otherwise bereft of any function except acting as vote banks, seized
this trend to assert their power and identity, going to the extent of
challenging the law of the land itself. Politicians sit on the fence
or even extend support, while religious organizations support the khap
in the name of tradition. Thus a medieval mentality is reborn in the
21st century”, she explains.

If it were merely the thinking of individuals, perhaps it would not
have acquired a social presence. But it is backed by powerful economic
and political interests which have sustained and often fostered these
divisive tendencies for narrow gains and for building vote banks.

HistorianIndu Agnihotri of the Center for Women’s Development Studies
says that to understand why these retrograde ideas and practices
survived in India, one has to look back at history. “The British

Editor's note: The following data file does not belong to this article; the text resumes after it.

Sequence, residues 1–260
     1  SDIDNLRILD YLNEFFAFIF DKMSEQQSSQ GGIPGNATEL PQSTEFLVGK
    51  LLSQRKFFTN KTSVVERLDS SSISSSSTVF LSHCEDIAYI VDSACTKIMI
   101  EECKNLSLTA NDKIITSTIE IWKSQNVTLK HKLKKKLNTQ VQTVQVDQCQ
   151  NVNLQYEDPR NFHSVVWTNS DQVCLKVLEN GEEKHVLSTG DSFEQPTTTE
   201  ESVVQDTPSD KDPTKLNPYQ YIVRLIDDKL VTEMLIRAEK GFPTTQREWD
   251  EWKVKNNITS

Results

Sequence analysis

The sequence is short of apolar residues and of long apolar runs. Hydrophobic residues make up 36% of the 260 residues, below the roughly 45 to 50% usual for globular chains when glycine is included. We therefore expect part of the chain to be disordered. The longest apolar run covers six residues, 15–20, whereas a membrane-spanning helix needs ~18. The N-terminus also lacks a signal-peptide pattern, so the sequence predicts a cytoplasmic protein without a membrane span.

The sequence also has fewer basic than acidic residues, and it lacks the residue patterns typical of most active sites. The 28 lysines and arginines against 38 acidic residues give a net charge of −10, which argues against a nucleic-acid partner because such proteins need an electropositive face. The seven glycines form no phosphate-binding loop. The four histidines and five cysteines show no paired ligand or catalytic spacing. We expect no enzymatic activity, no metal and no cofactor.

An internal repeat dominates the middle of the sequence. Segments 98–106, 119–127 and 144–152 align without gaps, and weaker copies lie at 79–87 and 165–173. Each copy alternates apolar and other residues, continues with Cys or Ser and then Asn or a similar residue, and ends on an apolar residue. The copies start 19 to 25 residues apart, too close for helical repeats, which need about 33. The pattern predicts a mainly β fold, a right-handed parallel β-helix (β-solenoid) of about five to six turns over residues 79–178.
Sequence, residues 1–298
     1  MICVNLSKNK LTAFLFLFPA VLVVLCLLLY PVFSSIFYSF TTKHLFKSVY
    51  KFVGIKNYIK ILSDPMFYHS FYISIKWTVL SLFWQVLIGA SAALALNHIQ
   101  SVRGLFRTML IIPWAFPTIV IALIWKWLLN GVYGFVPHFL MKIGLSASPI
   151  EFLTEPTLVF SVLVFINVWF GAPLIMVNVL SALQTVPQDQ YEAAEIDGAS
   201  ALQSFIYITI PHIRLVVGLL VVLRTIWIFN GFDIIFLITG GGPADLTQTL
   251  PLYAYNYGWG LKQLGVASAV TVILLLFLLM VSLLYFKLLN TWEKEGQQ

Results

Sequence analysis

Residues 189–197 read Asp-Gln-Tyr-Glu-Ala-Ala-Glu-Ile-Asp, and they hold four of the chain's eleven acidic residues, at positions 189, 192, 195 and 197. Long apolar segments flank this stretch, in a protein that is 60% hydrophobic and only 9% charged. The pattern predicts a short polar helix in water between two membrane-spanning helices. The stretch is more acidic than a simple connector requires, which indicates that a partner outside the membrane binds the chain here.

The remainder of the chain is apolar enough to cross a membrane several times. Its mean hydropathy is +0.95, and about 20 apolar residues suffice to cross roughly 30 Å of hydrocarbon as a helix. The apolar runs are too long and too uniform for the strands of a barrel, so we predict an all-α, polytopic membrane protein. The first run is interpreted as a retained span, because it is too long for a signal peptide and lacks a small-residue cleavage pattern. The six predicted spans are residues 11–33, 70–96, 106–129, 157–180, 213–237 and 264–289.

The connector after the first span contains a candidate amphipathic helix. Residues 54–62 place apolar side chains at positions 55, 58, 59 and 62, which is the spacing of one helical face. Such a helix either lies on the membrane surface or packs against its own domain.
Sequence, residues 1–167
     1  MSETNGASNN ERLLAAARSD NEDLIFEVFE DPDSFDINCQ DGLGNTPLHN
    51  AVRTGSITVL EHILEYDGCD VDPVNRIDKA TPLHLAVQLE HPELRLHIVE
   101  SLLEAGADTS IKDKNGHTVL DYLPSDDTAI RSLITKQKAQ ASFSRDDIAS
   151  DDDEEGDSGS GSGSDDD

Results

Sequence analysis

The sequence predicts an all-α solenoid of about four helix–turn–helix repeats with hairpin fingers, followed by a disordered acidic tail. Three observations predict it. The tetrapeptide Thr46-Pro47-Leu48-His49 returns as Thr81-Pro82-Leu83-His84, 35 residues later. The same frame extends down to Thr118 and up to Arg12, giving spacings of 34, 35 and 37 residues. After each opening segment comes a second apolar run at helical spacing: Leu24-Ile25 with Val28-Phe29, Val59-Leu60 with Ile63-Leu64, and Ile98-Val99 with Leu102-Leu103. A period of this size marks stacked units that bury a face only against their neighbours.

colonialists broke up the existing economic system to make it suitable
for their own profit. But in order to impose their political control
over the people they maintained the political and social structures,
aligning with feudal lords, rigidifying caste hierarchies, dividing
people on religious lines, and so on. Although the freedom struggle
sought to do away with these divisions its main objective remained
political not social. After Independence, the political leadership
inherited this power balance and continued with it,” she says.

“Although the Nehruvian paradigm included a social vision of equality
and justice for all, in practice this part lagged behind. With the
advent of liberalization, drastic changes have taken place in the